Lifespan of Carinotetraodon Travancoricus

According to the study, the lifespan of these fish in the wild is estimated at about as 4 years.

In aquariums, with appropriate conditions, Dwarf puffer fish can live for 6 – 8 years and there are reports of individuals living even longer.

Typical Behavior of Carinotetraodon Travancoricus


Carinotetraodon Travancoricus (Dwarf puffer fish) – Detailed Guide Care, Diet, and Breeding - groupIn the wild, Dwarf puffer fish are not known to be very social or swim together in large groups. However, it has been observed that in many cases, a pair of pufferfish tends to stay about 1 to 2 inches (2.5 to 5 cm) apart from each other.


These little guys are pretty territorial and aggressive, especially towards their own kind and during mating. Males are way more aggressive and should not be kept in small tanks since they will definitely fight.

Note: It is important to monitor their behavior and be prepared to separate individuals if aggression becomes excessive.

Do not look at their tiny size, Dwarf puffer fish may show aggression towards other fish as well, even bigger ones! They are known to nip at other fish especially slow-moving or long-finned species. Thus, it’s essential to choose tankmates carefully.

It is highly recommended to keep them in a heavily planted tank to establish territories and minimize aggression.

Breaking the line of sight is an effective strategy to reduce aggression among Dwarf Pufferfish. This can be achieved by adding decorations, plants, or other tank features that create visual barriers and separate their territories.


Dwarf puffer fish is active and curious. They tend to explore their surroundings and are often seen swimming around the tank.

They have a somewhat jerky, hovering motion like mini helicopters. Their ability to move in a hovering manner allows them to position themselves precisely and navigate through plants and decorations with ease.

Dwarf Pufferfish are not particularly fast swimmers compared to some other fish species.

Like other pufferfish, this species is capable of inflating its abdomen when threatened, visually appearing larger. This happens, for example, when a larger predator tries to eat it, and both fish can end up dying.

Placement in Tank:

They prefer to hang out near the bottom and swim in the middle of the tank. They enjoy exploring their environment and are particularly fond of areas with dense vegetation or places to hide.


  • Social level: Yes, but can be kept alone
  • Activity: Medium
  • Placement: Middle and bottom dwellers
  • Peaceful: Semi-aggressive
  • Territorial:Yes
  • Nippers: Yes

Diet of Carinotetraodon Travancoricus

During my research, I found some studies that go against the common idea that this fish is exclusively carnivore.

In one of the studies, it was suggested Carinotetraodon travancoricus to be an omnivore. The gut content analysis showed that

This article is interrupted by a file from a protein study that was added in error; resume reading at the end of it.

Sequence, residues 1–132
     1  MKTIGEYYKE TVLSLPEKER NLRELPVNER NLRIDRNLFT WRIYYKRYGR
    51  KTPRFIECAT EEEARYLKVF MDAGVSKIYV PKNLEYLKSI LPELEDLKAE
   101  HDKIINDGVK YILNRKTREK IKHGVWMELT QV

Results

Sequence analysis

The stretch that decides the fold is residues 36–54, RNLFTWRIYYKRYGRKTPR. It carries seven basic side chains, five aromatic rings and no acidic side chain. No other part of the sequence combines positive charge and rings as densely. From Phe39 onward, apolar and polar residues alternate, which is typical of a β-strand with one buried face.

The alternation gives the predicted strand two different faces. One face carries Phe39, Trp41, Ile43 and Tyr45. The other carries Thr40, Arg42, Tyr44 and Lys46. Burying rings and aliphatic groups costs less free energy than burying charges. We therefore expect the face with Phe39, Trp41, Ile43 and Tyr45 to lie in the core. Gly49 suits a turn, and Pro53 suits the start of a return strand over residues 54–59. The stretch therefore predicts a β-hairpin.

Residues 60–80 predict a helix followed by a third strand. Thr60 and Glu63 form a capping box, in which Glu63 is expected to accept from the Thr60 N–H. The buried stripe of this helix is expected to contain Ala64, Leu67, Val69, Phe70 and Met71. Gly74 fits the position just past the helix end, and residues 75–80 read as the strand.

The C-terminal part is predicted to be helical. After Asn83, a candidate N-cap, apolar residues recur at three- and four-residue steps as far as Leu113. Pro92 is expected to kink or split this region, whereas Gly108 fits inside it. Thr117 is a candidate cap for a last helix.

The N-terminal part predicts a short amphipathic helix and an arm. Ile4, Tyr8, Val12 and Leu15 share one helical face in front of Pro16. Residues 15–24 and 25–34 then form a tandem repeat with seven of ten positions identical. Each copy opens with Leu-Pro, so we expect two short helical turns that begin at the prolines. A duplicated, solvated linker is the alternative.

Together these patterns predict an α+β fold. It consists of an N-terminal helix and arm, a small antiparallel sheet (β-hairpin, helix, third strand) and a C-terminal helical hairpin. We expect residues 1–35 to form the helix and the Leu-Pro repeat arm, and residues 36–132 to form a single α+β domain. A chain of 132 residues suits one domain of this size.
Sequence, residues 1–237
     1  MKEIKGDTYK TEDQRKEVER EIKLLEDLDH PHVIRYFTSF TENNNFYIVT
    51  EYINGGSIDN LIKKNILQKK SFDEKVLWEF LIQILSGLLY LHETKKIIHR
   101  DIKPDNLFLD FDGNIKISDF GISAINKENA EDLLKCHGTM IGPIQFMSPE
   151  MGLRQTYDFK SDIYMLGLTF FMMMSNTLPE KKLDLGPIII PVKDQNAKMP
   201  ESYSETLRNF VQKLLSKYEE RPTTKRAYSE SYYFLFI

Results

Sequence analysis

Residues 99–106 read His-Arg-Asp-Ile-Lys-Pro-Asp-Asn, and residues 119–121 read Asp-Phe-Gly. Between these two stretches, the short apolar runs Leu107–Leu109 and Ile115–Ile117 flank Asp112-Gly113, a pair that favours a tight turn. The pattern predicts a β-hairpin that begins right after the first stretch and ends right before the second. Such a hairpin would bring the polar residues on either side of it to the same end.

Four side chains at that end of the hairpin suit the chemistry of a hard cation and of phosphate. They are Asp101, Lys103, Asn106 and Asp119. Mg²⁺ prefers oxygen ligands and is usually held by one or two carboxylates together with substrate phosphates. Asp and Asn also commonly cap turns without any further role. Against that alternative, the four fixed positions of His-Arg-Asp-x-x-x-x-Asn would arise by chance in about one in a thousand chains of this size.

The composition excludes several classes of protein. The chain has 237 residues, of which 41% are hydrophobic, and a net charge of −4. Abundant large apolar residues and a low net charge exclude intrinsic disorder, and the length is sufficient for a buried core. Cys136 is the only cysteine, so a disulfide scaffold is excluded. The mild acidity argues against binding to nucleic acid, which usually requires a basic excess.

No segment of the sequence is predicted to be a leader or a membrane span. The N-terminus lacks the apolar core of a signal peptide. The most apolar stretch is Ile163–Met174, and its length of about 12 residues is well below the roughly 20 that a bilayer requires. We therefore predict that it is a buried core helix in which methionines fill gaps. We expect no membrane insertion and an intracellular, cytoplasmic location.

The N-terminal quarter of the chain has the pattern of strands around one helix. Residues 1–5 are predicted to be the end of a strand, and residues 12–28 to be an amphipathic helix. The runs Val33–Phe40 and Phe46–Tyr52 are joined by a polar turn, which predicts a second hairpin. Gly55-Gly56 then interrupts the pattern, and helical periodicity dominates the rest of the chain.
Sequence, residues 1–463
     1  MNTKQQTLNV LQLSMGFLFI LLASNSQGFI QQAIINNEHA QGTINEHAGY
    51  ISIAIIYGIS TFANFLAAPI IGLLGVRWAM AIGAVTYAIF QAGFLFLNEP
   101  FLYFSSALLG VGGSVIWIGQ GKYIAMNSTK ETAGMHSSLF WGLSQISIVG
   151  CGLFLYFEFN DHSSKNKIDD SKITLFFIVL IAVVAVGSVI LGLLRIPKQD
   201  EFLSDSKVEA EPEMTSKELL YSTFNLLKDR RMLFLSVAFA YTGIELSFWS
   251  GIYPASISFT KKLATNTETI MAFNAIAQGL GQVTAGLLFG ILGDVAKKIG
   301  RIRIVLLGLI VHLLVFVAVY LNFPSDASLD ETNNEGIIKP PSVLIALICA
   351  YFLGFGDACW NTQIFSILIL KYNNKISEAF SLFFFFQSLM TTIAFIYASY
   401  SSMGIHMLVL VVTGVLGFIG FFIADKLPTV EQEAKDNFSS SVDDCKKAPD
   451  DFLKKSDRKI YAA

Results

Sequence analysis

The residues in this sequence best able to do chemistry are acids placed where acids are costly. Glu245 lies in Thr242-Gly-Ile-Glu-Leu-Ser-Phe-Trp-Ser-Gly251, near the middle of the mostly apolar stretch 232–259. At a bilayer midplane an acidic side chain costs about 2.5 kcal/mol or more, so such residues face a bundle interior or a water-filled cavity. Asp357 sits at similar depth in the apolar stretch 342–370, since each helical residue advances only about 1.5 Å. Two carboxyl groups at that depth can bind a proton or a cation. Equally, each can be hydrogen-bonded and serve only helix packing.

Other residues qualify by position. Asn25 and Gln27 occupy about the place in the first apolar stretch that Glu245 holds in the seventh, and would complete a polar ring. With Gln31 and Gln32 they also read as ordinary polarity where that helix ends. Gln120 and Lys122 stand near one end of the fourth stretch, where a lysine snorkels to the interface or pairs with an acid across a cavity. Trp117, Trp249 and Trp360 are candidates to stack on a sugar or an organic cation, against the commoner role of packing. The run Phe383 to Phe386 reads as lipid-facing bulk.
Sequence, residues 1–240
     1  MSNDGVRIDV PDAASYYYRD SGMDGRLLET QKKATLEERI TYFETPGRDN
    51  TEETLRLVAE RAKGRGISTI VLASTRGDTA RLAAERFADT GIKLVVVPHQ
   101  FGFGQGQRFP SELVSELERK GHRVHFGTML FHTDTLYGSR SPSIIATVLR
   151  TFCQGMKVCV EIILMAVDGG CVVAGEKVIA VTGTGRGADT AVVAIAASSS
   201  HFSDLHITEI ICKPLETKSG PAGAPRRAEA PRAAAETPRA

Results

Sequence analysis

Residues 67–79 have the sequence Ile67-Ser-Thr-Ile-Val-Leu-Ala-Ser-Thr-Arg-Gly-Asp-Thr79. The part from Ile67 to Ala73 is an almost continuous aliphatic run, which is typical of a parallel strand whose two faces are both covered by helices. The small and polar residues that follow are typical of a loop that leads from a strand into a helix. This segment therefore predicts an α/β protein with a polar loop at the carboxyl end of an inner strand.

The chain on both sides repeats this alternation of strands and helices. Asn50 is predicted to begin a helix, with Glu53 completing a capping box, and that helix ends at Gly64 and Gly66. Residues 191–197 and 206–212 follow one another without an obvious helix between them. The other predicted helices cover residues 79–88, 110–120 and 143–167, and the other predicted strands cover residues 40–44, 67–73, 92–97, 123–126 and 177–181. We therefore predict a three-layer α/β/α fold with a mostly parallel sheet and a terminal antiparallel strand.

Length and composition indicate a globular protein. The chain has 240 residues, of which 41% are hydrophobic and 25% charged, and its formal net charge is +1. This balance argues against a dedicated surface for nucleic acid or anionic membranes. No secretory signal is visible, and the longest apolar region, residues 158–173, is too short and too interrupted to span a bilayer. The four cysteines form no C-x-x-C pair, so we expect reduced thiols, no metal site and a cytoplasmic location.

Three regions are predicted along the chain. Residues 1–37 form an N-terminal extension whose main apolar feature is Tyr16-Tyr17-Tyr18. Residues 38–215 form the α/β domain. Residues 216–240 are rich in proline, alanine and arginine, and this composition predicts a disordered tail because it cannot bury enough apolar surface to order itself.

• Insects (18.52%), such as dragonflies, damselflies, mayflies, aquatic bugs, etc.
  • Crustaceans (18.07%) such as copepods, moina sp., daphnia sp., ostracods, etc.
  • Annelids (14.30%)
  • Diatoms (14.02%)
  • Green algae (12.55%) such as Naviculasp., Cymbella sp., Syndera sp., Cocconeissp., Pinnulariasp., Fragillaria sp.,Nitzschiasp.,Spirogyra sp., Ulothrix sp., Shizogonium sp.,Pleurodiscussp., Uronema sp. And Oedogonium sp.
  • Sand (10.78%) and
  • Detritus (11.77%).

In another study, scientists found that algae constituted a significant portion (more than 60%) in both male and female diets, along with red worms and semi-digested animal matter, mainly comprising crustaceans and insect parts.

In the aquarium, Dwarf puffer fish can be fed a wide variety of live food such as:

Some Feeding Tips:

Properly feeding the Dwarf puffer fish is the most challenging aspect of caring for them. Dwarf puffer fish are pretty picky eaters.

  • When keeping them, you may find that they refuse such frozen food as shrimp, clams, etc.
  • Additionally, they rarely eat flakes, pellets, or other dry food. In this case, try combining it with live food.
  • They are not very fast swimmers, and this also applies to feeding. In a community aquarium, they will often be outcompeted for food by other fish.
  • Nothing triggers their appetite more than live and moving prey.
  • While they are predominantly carnivorous, it’s worth noting that in a well-balanced aquarium, they may also pick at algae and detritus from time to time. Nonetheless, their diet should still primarily consist of meaty foods to ensure they receive the necessary nutrients for their health and well-being.
  • It has also been observed that feeding Dwarf puffer fish twice a day (morning and evening) significantly reduces cases of them nipping at the tails of their tankmates.


  • Diet Type: Omnivore
  • Food Preference: Meat
  • Feeding Frequency: Daily

Are Carinotetraodon Travancoricus Plants Safe?

Yes, Dwarf puffer fish is completely safe to keep in planted tanks. They will not eat any healthy plants in the tank. This species does not eat living plant material.